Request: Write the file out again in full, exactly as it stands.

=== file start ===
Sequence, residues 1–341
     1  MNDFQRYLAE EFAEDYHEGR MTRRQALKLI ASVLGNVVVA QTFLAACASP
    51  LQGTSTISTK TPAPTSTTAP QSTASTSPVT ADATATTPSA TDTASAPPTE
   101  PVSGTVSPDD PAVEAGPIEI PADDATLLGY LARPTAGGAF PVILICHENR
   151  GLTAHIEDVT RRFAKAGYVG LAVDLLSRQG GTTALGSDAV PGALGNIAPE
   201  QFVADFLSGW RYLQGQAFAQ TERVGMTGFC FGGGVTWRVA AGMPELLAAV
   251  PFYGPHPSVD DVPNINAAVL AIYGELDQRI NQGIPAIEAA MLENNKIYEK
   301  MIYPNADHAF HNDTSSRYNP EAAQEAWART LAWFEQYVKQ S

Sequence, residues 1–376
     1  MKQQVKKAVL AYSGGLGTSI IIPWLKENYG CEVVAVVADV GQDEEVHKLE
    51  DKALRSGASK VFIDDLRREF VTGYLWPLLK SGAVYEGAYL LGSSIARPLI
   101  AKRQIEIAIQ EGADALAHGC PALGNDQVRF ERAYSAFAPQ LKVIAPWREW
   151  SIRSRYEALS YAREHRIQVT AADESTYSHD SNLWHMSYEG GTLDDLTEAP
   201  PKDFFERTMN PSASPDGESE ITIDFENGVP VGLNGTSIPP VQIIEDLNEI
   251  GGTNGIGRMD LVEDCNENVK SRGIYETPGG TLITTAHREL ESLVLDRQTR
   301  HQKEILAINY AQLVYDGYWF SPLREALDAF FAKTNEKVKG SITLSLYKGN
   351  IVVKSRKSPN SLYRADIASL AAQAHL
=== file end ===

Sequence, residues 1–341
     1  MNDFQRYLAE EFAEDYHEGR MTRRQALKLI ASVLGNVVVA QTFLAACASP
    51  LQGTSTISTK TPAPTSTTAP QSTASTSPVT ADATATTPSA TDTASAPPTE
   101  PVSGTVSPDD PAVEAGPIEI PADDATLLGY LARPTAGGAF PVILICHENR
   151  GLTAHIEDVT RRFAKAGYVG LAVDLLSRQG GTTALGSDAV PGALGNIAPE
   201  QFVADFLSGW RYLQGQAFAQ TERVGMTGFC FGGGVTWRVA AGMPELLAAV
   251  PFYGPHPSVD DVPNINAAVL AIYGELDQRI NQGIPAIEAA MLENNKIYEK
   301  MIYPNADHAF HNDTSSRYNP EAAQEAWART LAWFEQYVKQ S

Sequence, residues 1–376
     1  MKQQVKKAVL AYSGGLGTSI IIPWLKENYG CEVVAVVADV GQDEEVHKLE
    51  DKALRSGASK VFIDDLRREF VTGYLWPLLK SGAVYEGAYL LGSSIARPLI
   101  AKRQIEIAIQ EGADALAHGC PALGNDQVRF ERAYSAFAPQ LKVIAPWREW
   151  SIRSRYEALS YAREHRIQVT AADESTYSHD SNLWHMSYEG GTLDDLTEAP
   201  PKDFFERTMN PSASPDGESE ITIDFENGVP VGLNGTSIPP VQIIEDLNEI
   251  GGTNGIGRMD LVEDCNENVK SRGIYETPGG TLITTAHREL ESLVLDRQTR
   301  HQKEILAINY AQLVYDGYWF SPLREALDAF FAKTNEKVKG SITLSLYKGN
   351  IVVKSRKSPN SLYRADIASL AAQAHL